FRESNO, Calif. (KSEE) – The Fresno Police Chief announced on Friday that the department has implemented 16 of the 73 recommendations from the Fresno Commission on Police Reform.
“We have done everything we could to implement the ones that were in our area of control,” said Chief Paco Balderrama.
The changes come more than a year and a half after protesters gathered outside of Fresno City Hall demanding reform of the police department.
The changes include updates to the use of force policies, having other professionals instead of officers respond to mental health and homeless calls, and making the process easier for the public to report a discrimination complaint and revamping the application process with the emphasis on encouraging women to join.
Police will still provide security to those responding to mental health and homeless calls, but officers will only step in if things escalate.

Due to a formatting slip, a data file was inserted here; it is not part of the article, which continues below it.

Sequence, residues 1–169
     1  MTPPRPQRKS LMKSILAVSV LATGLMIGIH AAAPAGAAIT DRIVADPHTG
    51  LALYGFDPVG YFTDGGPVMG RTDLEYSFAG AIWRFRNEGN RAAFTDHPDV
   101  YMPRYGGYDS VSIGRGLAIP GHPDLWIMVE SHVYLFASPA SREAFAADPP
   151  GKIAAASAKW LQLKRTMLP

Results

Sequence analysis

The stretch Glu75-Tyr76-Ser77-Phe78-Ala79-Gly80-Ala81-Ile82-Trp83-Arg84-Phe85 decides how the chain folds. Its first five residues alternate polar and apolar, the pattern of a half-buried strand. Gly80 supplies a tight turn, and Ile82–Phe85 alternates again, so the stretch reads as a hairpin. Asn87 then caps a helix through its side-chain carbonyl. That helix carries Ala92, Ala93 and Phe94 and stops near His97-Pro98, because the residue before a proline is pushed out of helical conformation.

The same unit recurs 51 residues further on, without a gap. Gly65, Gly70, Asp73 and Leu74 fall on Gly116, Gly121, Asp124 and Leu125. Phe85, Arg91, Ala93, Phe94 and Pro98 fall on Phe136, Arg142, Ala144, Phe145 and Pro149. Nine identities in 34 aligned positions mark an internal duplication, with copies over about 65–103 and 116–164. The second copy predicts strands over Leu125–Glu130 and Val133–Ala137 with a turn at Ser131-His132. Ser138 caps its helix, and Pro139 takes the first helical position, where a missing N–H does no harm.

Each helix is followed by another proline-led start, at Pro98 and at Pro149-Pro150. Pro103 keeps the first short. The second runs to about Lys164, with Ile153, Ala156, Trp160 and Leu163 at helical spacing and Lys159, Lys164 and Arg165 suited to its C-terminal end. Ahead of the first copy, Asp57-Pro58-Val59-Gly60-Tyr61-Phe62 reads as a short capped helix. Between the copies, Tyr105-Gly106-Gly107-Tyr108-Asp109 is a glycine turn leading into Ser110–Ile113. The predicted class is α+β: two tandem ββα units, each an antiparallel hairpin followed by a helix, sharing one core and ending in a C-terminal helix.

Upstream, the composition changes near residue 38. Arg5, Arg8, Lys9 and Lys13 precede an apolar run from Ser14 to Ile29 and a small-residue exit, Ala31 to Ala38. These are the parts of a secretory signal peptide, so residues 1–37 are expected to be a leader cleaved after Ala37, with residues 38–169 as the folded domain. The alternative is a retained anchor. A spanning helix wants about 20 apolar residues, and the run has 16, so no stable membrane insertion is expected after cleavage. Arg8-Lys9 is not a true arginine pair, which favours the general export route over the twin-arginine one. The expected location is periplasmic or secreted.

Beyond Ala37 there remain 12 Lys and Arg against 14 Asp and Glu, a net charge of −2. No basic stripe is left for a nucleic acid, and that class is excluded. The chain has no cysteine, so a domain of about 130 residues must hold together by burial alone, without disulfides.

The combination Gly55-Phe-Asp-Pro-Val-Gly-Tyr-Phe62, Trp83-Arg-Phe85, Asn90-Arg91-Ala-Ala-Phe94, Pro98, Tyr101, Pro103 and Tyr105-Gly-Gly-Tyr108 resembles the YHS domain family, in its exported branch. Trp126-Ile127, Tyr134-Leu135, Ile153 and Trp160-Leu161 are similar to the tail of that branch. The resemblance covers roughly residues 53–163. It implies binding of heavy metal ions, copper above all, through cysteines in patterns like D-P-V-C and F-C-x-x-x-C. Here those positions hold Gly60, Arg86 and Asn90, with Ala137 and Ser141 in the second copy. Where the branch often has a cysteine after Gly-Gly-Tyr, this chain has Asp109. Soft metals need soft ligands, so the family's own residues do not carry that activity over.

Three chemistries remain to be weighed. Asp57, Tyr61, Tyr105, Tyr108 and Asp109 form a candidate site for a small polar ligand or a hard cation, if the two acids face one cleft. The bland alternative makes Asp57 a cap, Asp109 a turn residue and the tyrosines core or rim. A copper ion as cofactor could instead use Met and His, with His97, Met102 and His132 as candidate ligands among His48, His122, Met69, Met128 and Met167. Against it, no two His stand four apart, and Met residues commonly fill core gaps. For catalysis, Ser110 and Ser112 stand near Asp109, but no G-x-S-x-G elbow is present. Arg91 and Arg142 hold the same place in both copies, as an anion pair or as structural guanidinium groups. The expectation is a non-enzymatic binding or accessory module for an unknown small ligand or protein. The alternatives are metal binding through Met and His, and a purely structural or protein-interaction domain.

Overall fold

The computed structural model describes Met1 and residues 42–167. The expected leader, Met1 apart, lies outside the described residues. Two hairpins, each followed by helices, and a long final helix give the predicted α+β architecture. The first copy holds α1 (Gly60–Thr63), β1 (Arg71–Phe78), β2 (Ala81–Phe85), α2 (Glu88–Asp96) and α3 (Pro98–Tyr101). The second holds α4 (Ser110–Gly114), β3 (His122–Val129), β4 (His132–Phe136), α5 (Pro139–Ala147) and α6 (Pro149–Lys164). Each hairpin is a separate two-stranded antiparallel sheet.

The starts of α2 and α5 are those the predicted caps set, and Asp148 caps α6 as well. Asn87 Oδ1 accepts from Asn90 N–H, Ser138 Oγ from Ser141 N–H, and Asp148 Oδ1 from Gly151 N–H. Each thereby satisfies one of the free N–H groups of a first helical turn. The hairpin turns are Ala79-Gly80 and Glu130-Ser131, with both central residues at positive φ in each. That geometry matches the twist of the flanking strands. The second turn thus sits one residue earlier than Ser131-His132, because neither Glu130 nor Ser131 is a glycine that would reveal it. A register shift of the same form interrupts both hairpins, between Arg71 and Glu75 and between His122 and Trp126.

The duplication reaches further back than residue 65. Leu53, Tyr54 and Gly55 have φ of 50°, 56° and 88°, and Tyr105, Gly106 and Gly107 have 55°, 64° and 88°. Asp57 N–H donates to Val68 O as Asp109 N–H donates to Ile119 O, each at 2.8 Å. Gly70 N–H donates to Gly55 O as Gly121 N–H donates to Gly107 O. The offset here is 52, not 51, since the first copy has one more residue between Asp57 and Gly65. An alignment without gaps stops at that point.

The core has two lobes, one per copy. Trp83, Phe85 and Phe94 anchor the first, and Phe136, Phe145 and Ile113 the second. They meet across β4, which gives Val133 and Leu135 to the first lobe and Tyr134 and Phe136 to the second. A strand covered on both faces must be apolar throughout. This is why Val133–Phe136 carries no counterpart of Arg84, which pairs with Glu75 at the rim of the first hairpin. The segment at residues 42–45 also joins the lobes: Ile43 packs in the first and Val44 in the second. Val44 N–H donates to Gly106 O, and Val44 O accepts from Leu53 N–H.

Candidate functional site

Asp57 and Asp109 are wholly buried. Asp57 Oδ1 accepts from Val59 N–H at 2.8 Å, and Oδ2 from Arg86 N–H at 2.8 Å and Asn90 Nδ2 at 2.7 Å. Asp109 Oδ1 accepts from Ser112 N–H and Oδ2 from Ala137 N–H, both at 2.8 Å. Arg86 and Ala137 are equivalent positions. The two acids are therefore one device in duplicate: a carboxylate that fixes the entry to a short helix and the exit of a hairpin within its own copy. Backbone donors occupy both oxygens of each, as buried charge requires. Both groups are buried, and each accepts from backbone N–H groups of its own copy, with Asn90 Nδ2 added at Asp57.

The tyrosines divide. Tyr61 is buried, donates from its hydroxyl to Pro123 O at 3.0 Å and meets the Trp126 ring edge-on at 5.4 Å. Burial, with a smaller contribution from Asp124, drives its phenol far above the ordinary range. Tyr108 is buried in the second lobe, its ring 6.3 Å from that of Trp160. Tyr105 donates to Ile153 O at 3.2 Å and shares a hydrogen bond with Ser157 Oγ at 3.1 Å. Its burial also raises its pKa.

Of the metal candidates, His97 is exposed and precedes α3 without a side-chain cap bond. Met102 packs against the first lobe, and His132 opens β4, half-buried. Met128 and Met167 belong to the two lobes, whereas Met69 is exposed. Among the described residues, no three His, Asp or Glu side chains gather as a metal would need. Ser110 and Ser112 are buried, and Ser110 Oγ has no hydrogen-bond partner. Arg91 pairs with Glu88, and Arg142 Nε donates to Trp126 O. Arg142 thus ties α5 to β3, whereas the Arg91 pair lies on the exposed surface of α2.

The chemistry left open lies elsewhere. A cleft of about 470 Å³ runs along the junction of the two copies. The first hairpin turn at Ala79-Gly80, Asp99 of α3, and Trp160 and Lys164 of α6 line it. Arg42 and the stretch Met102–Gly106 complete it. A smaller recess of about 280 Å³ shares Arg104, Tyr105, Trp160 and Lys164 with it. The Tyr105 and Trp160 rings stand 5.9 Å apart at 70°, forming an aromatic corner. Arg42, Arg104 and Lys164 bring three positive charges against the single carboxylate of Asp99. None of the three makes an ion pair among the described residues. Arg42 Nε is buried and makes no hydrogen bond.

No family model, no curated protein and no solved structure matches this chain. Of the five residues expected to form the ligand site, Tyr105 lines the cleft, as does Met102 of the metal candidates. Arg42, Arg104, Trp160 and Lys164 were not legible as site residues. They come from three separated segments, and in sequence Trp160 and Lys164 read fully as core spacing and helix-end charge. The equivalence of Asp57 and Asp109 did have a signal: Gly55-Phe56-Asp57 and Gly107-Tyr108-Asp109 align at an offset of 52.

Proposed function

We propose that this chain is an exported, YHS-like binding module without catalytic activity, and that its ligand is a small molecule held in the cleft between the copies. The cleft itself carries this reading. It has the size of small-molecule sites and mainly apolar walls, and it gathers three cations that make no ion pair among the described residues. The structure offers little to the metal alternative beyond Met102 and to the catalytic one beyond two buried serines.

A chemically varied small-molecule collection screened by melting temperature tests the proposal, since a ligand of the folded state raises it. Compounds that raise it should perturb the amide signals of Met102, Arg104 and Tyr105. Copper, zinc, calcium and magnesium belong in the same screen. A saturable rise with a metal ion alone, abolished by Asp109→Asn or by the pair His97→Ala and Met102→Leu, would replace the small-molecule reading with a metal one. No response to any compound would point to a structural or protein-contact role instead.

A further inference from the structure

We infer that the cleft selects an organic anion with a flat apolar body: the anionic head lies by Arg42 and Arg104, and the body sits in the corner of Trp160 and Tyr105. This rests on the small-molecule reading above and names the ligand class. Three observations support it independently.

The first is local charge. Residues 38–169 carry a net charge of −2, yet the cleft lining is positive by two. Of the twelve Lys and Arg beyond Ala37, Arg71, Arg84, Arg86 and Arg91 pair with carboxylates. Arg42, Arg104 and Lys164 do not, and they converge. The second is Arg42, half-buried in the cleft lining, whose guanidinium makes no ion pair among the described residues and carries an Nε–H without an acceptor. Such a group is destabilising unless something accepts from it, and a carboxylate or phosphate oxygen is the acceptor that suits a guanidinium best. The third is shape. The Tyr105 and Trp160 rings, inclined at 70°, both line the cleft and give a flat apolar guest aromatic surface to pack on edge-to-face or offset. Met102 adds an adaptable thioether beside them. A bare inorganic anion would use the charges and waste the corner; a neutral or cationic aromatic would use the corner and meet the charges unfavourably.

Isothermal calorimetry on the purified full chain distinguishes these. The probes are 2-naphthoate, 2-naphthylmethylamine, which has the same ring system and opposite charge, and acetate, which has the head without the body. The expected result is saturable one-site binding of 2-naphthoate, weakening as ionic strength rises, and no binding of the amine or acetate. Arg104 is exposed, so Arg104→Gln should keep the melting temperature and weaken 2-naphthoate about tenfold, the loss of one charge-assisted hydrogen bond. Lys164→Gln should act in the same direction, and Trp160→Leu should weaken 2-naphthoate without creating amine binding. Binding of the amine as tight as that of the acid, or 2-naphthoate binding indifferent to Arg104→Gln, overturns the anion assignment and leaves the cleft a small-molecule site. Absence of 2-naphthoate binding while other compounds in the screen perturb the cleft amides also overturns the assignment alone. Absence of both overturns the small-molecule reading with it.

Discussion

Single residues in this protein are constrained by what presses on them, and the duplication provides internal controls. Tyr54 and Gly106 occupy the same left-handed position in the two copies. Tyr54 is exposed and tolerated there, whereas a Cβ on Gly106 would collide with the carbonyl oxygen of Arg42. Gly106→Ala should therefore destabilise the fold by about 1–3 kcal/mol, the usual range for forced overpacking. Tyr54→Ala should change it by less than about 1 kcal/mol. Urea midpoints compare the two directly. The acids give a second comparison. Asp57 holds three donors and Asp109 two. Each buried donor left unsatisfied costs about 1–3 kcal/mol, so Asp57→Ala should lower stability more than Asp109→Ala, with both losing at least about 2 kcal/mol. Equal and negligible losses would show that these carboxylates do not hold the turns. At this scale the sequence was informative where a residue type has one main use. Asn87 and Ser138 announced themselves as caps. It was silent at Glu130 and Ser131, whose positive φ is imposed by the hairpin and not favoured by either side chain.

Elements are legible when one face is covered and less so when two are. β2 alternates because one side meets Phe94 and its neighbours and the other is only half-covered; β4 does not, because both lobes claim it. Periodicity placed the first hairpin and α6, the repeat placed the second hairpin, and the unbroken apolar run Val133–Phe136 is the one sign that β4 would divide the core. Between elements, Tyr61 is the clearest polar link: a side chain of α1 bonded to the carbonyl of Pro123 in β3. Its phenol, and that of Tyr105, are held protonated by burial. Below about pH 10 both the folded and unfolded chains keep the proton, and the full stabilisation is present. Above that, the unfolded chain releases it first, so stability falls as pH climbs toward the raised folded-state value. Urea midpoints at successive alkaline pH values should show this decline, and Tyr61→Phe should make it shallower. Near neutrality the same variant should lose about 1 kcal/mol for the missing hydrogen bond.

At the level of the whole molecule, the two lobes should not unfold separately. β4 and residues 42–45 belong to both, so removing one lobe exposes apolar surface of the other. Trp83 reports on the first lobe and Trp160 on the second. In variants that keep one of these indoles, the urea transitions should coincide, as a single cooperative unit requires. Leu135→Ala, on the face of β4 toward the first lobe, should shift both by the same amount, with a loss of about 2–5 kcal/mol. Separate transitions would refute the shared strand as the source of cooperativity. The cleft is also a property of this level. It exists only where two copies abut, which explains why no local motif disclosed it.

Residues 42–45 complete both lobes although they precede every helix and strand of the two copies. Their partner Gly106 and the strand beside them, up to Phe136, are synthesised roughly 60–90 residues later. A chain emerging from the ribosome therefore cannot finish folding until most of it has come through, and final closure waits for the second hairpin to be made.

Chief Balderrama said while he is happy with the progress, the recommendation he will not implement is taking officers off of school campuses.
“It was requested by the school district, by the students, from the parents who love their kids,” said Balderrama. “That they would rather have a police presence in our high schools at Fresno Unified School District. So after speaking to the administration, we opted not to do that.”
Balderrama said other recommendations from the commission are either out of his hands, take additional funding or require law changes.
Mayor Jerry Dyer plans on providing funds in the next budget.
“We will do everything we can,” said Dyer. “And I will, as the mayor, make sure there is a budget to support not only to trail police officers but to keep people safe. That is the primary focus.”
The city council members approved all 73 recommendations but support the chief in the progress and are supportive of the process so far.
“What I would tell the residents of Fresno is their time that they have invested in the Police Department for reform was not wasted,” said Councilmember Miguel Arias. “We are still implementing the recommendations.”
“We have put it in the hands of Chief Balderrama, who has the experience to know what will work and what won’t,” said Councilmember Mike Karbassi. “My biggest concern is that when a resident calls 911 there is an officer out there that can help save their life. That is my biggest concern.”